Confidence in CLT is falling further as the combustibles ban is set to be reduced to 11m but advocates say the material has many advantages 


Source: Shutterstock

Flats at the Barking Riverside development, which included timber cladding, after June’s fire

This week’s reopening of the inquiry into the Grenfell Tower disaster seems to have concentrated minds at the Ministry of Housing, Communities and Local Government.

Just before survivors and their representatives gathered in Holborn, central London, along with firms involved in the tower’s refurbishment for the second phase of Sir Martin Moore-Bick’s long-running hearing, the housing secretary unveiled a package of measures designed to improve building safety standards.

For developers, the key announcement last week is likely to be a tightening of the ban on all combustible cladding materials. The height threshold at which this ban will kick in has been cut from 18m to 11m. The height of buildings where the installation of sprinklers will be mandatory has similarly been lowered.

Geoff Pearce, executive director for regeneration and development at housing association Swan Housing Group, believes this move was a no-brainer. “Banning the use of combustible cladding for building of all heights makes absolute sense,” he says.­­­­­

Banning the use of combustible cladding for building of all heights makes absolute sense

Geoff Pearce, Swan Housing Group

New regulations have been put out for consultation, which could extend the ban on the use of combustible materials to blinds, shutters and other sun-shade products. In addition, metal composite cladding materials with a polyethylene core, such as the ACM panels, will be banned from any building.

Andrew Mellor, a partner at housing architects PRP, believes the new rules will reassure those buying and renting homes. “If I was purchasing a flat, I would reserve one of these,” he says.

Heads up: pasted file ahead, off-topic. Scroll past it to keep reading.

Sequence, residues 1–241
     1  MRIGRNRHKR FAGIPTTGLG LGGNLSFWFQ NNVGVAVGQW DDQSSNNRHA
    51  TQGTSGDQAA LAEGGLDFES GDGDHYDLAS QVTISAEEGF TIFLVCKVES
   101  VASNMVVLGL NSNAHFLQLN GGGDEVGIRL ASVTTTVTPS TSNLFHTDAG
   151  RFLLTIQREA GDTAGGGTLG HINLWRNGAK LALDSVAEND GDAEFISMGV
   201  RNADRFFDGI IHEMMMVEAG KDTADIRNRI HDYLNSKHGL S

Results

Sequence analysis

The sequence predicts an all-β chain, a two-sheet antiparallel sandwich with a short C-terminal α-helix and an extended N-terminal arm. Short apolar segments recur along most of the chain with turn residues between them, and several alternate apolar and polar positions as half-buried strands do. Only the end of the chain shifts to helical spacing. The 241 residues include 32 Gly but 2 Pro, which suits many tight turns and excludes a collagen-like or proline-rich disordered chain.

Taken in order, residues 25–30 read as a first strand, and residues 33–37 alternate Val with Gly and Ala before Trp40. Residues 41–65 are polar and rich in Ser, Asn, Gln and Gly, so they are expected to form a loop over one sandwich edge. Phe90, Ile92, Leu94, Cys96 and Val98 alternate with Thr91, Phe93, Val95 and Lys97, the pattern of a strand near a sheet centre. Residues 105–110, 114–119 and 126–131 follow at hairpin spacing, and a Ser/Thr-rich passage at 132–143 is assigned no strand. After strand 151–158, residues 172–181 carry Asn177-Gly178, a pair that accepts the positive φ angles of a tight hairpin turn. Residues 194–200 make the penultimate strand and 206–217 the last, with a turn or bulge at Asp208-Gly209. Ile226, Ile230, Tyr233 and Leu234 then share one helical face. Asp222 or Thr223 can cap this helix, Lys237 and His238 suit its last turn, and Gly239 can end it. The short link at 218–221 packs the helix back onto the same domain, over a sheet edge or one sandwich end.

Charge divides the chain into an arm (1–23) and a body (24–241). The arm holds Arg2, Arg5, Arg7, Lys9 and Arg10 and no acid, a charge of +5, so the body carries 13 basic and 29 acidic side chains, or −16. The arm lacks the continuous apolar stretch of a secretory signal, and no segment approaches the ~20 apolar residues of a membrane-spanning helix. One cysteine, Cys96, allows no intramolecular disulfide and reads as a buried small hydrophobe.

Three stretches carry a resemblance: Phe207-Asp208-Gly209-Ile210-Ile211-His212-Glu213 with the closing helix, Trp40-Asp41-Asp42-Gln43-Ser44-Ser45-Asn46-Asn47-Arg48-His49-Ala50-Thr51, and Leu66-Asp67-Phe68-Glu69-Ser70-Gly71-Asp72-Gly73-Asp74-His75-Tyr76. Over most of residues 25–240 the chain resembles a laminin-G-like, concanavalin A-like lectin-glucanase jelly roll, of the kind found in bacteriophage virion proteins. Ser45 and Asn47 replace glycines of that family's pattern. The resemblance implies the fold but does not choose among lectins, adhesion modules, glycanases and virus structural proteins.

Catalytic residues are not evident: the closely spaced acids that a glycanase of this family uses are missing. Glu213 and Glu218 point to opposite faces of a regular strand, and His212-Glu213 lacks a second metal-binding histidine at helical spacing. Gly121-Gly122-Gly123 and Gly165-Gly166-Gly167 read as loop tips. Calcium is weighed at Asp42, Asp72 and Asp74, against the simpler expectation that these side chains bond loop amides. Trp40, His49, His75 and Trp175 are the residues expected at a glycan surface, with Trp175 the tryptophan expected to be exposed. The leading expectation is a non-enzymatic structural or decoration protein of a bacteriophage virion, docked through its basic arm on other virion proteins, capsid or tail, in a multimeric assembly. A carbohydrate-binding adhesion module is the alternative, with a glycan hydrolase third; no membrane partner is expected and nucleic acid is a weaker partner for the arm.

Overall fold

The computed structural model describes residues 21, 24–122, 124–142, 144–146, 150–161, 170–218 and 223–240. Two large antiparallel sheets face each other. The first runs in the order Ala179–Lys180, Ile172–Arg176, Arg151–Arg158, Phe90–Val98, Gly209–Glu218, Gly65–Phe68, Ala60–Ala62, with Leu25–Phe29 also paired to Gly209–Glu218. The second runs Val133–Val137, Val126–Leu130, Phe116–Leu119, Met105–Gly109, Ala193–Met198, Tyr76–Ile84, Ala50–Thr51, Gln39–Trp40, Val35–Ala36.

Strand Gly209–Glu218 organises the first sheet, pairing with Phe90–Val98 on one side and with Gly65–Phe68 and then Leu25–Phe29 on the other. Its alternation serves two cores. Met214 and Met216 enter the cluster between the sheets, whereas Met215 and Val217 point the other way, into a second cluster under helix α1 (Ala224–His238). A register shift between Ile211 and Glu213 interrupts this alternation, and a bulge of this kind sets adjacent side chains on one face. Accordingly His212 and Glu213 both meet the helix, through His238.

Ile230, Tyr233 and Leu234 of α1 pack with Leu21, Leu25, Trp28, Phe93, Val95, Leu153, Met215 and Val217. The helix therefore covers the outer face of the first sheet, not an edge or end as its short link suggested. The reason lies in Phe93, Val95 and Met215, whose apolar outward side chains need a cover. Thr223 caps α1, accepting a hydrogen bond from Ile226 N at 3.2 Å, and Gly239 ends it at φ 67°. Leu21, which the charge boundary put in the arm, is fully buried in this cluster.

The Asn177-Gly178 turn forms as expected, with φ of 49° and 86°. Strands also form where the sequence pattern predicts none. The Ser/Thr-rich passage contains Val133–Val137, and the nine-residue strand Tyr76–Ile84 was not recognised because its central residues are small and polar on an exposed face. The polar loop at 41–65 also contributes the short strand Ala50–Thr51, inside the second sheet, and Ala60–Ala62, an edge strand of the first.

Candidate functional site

Mellor, who is also a technical adviser to the housing ministry (MHCLG) on building regulations and safety, noted that occupants will probably benefit from cheaper insurance and fewer sleepless nights compared with those living in recently developed blocks who may be worried about what their buildings have been clad with.

However, there were no crumbs of comfort in the review for advocates of cross-laminated timber (CLT), which was caught up in the combustible cladding ban when the legislation was launched last year.

So how will tightening the ban impact the market for CLT, both directly and indirectly? And what is the future of the material?

Blanket ban

The large, prefabricated engineered wood panels, made by layering timber and subjecting the wood to huge hydraulic pressure to strengthen it, were becoming increasingly popular construction materials before the ban was introduced.

14329312300_47546d6bba_o flickr _Oregon Department of Forestry

Source: Oregon Department of Forestry

Blocks of CLT made of layers of compressed timber

The lightweight material is cheaper to store and transport from factory to construction site than bulkier modular systems, says Alex de Rijke, founding partner of architect dRMM. CLT buildings can also be assembled on site using regular cranes, with no need for special processes.

The reason the government included CLT in its list of banned materials is because it has typically been used as a load-bearing facade, de Rijke says.

CLT may be a largely structural material, but the government has taken a belt and braces approach, Pearce says. “There was lot of pressure for a blanket ban.”

With nervousness surrounding wood heightened by last summer’s fire at Bellway’s timber-clad development in Barking, Mellor is not surprised that developers are shying away from using CLT in their schemes. “It comes with a stigma and [questions over] whether the building is going to be insured.”

Arnold Tarling, a surveyor who has fiercely criticised industry failings that contributed to the Grenfell disaster, argues that the government was right to include CLT in the ban – he says it will have a short shelf-life irrespective of fire issues.

“Nobody is thinking about the future,” he says. “These buildings are not going to last as long as the ones in the 1960s; they are fundamentally flawed.”

Drawing back